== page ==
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SPAIN: The assassination of Ernest Lluch
The assassination of Ernest Lluch provoked variations on the general dirge of lamentation. Miquel Strubell i Trueta represents the wing of Catalan opinion most critical of Spanish centralism. While he laments the death of Lluch, he says that he finds Spanish anti-ETA demonstrations "either bloodthirsty in spirit of politically motivated". Neither Catalan nor Spanish, I certainly do not have that impression, although ETA would agree. I agree with Miquel that most Basque nationalists are not bloodthirsty, but the fact that Madrid does not meet their demands does not justify ETA's killing innocent people (See the accompanying posting on violence).
Stephen Schwartz, who like me is neither Catalan nor Spaniard, takes a detached, scholarly position. He writes:
- The anti-Basque feeling of the Franco leaders was caused by the belief that, as Catholics whose Basque Nationalist Party had always voted with the right before 1934, the Basques should have sided with the national movement and not the republic in 1936. This was viewed as serious treason. The Basques before 1934 were never viewed as "separatists" in the way the Catalans were.
- The Basque country was bilingual or trilingual if one counts French, or quadrilingual if one counts possible survivals of old Gascon, long, long before the large scale arrival of Spanish immigrant workers or "maketo" as the Basque fascists have always called them.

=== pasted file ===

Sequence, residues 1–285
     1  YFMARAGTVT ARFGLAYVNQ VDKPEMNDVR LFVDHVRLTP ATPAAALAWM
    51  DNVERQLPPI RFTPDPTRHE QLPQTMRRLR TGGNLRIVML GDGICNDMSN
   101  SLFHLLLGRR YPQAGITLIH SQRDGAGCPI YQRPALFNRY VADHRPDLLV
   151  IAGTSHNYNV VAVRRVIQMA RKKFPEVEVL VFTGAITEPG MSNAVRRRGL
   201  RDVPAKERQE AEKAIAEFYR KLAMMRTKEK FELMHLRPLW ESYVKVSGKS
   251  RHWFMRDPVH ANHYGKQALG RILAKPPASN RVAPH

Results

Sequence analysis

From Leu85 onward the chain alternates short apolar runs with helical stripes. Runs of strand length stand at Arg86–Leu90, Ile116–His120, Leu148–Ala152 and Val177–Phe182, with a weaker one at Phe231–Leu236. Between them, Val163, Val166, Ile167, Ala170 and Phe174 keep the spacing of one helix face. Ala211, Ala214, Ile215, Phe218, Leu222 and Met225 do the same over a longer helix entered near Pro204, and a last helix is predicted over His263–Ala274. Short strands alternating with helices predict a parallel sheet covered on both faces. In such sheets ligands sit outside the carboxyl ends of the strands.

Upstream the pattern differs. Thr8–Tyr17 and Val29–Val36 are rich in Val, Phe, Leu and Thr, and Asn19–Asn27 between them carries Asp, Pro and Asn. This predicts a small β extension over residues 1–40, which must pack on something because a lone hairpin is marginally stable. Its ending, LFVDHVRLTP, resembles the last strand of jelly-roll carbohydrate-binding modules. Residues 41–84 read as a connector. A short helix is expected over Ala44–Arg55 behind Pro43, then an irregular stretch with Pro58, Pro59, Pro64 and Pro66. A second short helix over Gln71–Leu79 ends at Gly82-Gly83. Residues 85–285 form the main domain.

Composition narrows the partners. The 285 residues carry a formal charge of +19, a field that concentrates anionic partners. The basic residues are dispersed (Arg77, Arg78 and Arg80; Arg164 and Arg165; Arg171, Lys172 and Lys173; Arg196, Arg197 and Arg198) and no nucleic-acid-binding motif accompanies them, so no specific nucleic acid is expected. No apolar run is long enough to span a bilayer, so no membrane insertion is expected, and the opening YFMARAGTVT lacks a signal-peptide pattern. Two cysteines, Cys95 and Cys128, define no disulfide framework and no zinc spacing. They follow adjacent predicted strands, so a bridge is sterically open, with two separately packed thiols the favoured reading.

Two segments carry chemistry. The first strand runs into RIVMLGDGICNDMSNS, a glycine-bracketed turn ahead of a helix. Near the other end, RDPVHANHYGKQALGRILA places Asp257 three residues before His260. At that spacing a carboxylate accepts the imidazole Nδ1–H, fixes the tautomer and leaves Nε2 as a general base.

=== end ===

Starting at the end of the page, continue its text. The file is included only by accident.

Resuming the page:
Whole generations of pure blooded Basques have grown up speaking Castilian and French. The issue of Castilian-speaking immigration was much more serious in Catalonia than in the Basque country. But the Catalans responded by teaching the children of the immigrants Catalan and above all by making the learning of Catalan economically desirable. The Basques cannot do this.
My comment: Stephen Schwartz surprises me with his comments. He said that Franco had a sense of humor, and I found this confirmed in the opening chapter, devoted to Franco, of WAIS Fellow Paul Preston in hs book on "The Three Spains of 1936." Paul says "Franco had a sharp, indirect and subtle sense of humor and he loved to tell jokes". However, Paul does not mention, as Stephen does, that Franco wrote a play called "Raza," which suggests his cult of Hispanidad. Franco was also well-read, and had a well-thumbed copy of Machiavelli´s The Prince and knew Napoleon's letters, as well as his marginal comments on The Prince. Now I suppose Stephen will surprise me by telling me that Napoleon had a sense of humor. I would like to hear more about the play "Raza". Franco did encourage the making of heroic films about Spanish history.
All this has a bearing on the attitude of the Franco group toward the Basque provinces. Navarra did not support the Republic and was allowed to keep its fueros (special rights). However strongly Franco may have felt about Basque "treason", that does not justify the Nazi bombing of Guernica, which is attributed to his complicity, as an earlier WAIS debate indicated. ETA may feel it is retaliating for that.
Ronald Hilton - 11/26/00